|This is from yesterday. Today I was wearing a helmet.|
Guess which one of us was scared shitless and practically vomited from fear? Guess which one of us had hand cramps from holding onto the handle bars so fiercely? Guess which one of us gave herself a headache from clenching her teeth so hard?
And guess which one of us happily exclaimed, "New bike!", called out "Good morning!" to strangers we passed, said "Great job, Maybelle" repeatedly, and never fussed once?
Maybelle is clearly more comfortable with transition than I am. And good for her.
The bike is entirely safe. We lowered the seat a bit, and I strapped her into it so tightly that she might have underarm sores. She couldn't fall out or off, no matter what. She could put her feet on the pedals (just barely, but she could), but she didn't have to push. She's welcome to do so if the spirit moves her, but it doesn't affect the biking at all either way.
But the stakes were so high for me as the driver. In a previous post about this, commenter Nan said, "Don't worry! On the ride-along you will feel every little move! Really! Trust me!" Here's the problem: I felt every little move! When Maybelle would shift her weight a tiny bit, I felt it, and I had to compensate--just a bit, but enough that I felt new muscles having to operate.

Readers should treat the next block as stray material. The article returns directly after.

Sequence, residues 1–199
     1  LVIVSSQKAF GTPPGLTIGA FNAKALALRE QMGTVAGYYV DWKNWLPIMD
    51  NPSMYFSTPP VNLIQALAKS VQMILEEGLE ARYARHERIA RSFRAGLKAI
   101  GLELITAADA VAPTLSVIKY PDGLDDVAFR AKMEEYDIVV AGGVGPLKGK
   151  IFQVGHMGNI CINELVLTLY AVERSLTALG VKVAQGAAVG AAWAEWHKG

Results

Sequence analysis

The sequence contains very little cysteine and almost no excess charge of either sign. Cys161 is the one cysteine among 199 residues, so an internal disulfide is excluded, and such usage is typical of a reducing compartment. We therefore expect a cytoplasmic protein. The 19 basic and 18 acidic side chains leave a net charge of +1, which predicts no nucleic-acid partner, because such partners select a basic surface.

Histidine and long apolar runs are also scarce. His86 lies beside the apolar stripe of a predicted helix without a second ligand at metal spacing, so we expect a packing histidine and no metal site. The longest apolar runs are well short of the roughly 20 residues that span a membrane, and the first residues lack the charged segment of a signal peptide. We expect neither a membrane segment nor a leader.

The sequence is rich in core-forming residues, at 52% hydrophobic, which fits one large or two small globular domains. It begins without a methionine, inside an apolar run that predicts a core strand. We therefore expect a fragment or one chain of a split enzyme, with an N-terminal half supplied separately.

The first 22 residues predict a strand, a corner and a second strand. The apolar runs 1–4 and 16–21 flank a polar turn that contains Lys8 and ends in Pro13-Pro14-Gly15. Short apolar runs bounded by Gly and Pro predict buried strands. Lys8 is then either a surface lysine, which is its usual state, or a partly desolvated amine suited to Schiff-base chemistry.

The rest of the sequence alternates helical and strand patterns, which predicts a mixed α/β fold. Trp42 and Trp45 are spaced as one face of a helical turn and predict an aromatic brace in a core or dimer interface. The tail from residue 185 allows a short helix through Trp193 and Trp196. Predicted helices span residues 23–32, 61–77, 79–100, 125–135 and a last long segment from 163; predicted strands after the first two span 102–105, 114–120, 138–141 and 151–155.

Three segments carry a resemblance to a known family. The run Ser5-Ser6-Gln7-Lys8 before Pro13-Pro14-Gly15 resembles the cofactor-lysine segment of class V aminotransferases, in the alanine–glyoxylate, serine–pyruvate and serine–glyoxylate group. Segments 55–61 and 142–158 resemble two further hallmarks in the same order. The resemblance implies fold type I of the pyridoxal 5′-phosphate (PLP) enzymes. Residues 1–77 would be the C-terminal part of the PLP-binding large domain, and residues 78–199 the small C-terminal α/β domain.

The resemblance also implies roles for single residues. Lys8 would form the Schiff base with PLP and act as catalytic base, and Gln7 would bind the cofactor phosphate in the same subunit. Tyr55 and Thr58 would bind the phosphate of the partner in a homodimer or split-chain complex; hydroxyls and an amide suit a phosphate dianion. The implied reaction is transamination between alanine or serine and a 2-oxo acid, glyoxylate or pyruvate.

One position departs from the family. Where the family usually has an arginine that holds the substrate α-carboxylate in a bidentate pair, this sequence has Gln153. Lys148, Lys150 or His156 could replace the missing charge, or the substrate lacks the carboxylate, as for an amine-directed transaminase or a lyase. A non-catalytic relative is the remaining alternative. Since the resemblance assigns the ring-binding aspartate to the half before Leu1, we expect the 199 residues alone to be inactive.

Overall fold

When we started the three-mile ride, I was lucky if I could "go straight" by staying on the road. When we got to Hampton Park I was able to stay within about a four-foot margin. By the time we got to school, I was able to do my usual thing of steering an inch away from a bump on the road. But that usual thing was hard. My attention had to be incredibly focused. My body had to be on on on, every single muscle and ligament and tendon and whatever else is in the human body. Intestines! Throat! Spine! Scalp!
That was day 1. My friend said by the end of the week she'd be comfortable. Now my hope is that by the end of the week, I am comfortable. Wish me luck.